With a surrogate family like the Tedeschi Trucks gang, one need not be alone. They deliver the power of the song. Perhaps some existentialists will call that mere sop. Me, I’d rather not stand in the rain of my spiritual solitude.

PART 2. I’ll consider the deluxe bonus disc of Let Me Get By and that 2-disc total package in another post, coming shortly.


  1. James Baldwin, Another Country, Vintage International, 1993, 121

2. Scott Walker, who survived a re-call election driven by the Act 10 protests, later declared, “If I can take on 100,000 protesters, I can do the same across the world,” in reference to defeating the terrorist group ISIS. The spurious analogy may have marked the beginning of the end of Walker’s short-lived presidential nomination bid. Meanwhile, he’s back in Wisconsin working his same far-right agenda and the singers continue, as they say, “until Wisconsin gets better,” as one of their mottos declares.The Solidarity Sing Along is open to anyone each weekday starting at noon at the Capitol. Their Facebook page: At times, noted musicians have joined the participants, including Woody Guthrie’s famous son Arlo and Billy Bragg, who wrote music for and recorded unpublished Woody Guthrie lyrics in his Mermaid Avenue project with Wilco.

For the full story on the Wisconsin protests, see John Nichols’ book Uprising: How Wisconsin Renewed the Politics of Protest, from Madison to Wall Street.

“Let Me Get By” album cover at top, courtesy

Why should we care about Miles Davis? New biopic, live tribute, local thoughts

Portrait of US jazz trumpet player Miles Davis taken 06 July 1991 in Paris. Portrait du trompettiste de jazz Miles Davis pris lors d'un concert le 06 juillet 1991 à la Halle de la Villette à Paris. (Photo credit should read PATRICK HERTZOG/AFP/GettyImages)

Portrait of US jazz trumpet player Miles Davis taken 06 July 1991 in Paris.
Portrait du trompettiste de jazz Miles Davis pris lors d’un concert le 06 juillet 1991 à la Halle de la Villette à Paris. (Photo credit PATRICK HERTZOG/AFP/GettyImages)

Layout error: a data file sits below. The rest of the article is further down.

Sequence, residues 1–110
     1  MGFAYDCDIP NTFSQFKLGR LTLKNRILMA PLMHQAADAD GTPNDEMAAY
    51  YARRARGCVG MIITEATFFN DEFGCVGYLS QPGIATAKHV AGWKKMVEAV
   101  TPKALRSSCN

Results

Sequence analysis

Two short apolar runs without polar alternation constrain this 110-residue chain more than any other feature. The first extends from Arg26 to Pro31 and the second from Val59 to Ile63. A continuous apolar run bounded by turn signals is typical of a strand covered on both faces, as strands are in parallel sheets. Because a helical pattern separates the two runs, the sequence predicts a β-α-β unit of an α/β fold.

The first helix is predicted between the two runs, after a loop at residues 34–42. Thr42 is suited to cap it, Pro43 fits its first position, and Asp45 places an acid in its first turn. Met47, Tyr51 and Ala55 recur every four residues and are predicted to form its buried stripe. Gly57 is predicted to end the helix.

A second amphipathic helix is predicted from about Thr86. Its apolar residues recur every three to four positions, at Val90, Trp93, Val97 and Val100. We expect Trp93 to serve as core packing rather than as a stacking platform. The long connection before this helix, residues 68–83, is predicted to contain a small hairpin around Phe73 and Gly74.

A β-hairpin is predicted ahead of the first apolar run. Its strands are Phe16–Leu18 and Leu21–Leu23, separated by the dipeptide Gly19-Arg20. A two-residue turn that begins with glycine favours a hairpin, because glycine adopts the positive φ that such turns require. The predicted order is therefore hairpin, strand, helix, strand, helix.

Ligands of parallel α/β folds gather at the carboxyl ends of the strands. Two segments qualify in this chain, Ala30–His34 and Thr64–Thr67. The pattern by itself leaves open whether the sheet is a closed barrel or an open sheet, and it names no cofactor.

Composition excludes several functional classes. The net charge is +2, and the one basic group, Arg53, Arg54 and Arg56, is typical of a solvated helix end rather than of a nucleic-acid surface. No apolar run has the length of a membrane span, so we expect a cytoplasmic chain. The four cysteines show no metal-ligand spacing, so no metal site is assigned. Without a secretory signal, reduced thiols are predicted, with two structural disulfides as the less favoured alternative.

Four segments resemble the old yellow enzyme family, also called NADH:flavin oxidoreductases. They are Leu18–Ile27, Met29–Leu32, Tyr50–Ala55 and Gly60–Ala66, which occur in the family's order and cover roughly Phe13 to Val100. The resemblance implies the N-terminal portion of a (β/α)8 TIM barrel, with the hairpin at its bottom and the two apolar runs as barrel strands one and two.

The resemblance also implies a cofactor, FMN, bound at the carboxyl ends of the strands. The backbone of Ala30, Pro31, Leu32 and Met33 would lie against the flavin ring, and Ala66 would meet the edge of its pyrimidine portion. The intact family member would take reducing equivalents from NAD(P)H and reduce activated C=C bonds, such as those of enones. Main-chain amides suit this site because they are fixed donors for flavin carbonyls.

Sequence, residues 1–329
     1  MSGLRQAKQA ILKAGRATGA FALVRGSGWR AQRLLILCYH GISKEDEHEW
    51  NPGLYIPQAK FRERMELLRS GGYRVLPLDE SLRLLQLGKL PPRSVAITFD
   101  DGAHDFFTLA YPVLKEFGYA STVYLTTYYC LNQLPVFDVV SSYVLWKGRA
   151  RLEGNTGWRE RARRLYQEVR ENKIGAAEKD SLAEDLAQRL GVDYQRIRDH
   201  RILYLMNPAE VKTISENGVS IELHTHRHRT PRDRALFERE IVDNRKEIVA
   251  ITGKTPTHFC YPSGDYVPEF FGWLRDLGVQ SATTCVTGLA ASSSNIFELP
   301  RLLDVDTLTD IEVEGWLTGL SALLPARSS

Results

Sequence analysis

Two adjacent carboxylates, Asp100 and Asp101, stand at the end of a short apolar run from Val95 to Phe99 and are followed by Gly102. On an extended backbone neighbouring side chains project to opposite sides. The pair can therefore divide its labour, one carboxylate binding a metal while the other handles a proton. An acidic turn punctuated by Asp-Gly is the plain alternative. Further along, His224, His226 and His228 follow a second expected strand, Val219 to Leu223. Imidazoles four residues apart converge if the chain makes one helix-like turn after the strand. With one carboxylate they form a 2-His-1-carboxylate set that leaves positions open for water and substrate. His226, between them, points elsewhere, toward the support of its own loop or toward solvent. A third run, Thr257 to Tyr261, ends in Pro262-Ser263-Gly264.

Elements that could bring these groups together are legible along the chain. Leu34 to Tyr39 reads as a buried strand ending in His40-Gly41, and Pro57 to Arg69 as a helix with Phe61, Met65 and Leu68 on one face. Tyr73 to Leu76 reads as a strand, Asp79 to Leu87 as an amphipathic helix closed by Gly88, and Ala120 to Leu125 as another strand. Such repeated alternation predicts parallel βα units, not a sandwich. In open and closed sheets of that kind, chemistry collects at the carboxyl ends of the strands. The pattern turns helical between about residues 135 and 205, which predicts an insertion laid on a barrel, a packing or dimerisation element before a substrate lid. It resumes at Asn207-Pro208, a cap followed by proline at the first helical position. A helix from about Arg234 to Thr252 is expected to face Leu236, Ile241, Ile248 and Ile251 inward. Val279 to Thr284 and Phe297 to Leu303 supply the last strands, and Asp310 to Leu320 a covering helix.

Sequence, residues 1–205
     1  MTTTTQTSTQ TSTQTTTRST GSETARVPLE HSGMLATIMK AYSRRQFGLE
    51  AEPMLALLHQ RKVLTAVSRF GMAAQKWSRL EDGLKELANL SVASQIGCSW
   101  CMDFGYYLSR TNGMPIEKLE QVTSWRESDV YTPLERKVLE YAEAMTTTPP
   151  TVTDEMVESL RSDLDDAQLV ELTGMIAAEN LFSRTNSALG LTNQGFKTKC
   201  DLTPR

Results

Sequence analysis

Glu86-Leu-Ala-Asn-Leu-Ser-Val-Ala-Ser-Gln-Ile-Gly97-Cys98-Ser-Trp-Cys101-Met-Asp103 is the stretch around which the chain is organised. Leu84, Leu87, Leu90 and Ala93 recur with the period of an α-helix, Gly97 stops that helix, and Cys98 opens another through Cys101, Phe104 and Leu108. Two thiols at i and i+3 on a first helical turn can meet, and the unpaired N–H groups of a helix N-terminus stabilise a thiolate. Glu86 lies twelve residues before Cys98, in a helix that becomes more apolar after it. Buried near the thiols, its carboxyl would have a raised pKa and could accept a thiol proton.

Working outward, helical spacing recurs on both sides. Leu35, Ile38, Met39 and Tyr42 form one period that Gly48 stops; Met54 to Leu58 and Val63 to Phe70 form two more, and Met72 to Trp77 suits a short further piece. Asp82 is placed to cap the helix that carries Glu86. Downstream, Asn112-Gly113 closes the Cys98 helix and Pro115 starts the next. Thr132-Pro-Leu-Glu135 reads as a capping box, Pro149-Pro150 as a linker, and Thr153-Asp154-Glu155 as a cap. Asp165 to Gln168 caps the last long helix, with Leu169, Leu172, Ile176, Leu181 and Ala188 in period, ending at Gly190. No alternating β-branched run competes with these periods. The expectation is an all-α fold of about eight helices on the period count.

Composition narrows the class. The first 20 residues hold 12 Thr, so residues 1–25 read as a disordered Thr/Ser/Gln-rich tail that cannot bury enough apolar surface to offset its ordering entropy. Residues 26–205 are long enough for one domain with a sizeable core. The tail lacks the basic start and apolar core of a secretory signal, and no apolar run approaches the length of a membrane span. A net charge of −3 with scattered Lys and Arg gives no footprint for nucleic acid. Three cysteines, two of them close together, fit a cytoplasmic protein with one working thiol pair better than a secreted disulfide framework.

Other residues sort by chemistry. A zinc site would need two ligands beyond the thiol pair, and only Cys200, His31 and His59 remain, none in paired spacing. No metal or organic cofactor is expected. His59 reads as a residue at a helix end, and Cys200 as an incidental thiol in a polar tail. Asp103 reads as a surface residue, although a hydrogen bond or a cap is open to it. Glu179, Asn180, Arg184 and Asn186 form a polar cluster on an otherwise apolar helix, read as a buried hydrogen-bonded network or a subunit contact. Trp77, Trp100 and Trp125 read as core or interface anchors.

Why care?

Miles Davis dwells at, and helped create, the root thrust of many music vernaculars of the 20th century — from vintage bop with Bird, to purring like a breeze-cooled cat in Birth of the Cool, to kicking in the blues ‘n’ back beat of workin’, walkin’ hard-bop with Trane, to modal jazz trance with Kind of Blue, to cutting-edge modern slash with his second great quintet, to polyrhythmic Afro-fusion with Bitches Brew, to deep street funk and proto-hip-hop ‘tude with On the Corner. And he always gave us the essence of personal style, as an expression of American individuality and romance. Whew.

Well, that’s by way of introduction to this radio story. Thanks to 88.9 Radio Milwaukee’s Glenn Kleiman and trumpeter Jamie Breiwick for including me in this fine feature.

The feature, with interviews of Breiwick and me is hooked on Don Cheadle’s highly-anticipated biographical film about Miles Davis Miles Ahead, and “A Tribute to Miles Davis,” (a supper club edition) a live concert event at Company Brewing, 735 E. Center St, Milwaukee, at 9:30 p.m. on April 15. The event is organized by and features saxophonist Jay Anderson along with trumpeter Russ Johnson, pianist Mark Davis, bassist Ethan Bender, and drummer Mitch Shiner. This is an excellent ensemble event, featuring music by and associated with Miles, not to be missed:

Also, here is a link to my review of the 1983 Miles Davis concert in Milwaukee, for The Milwaukee Journal:,4949562&hl=en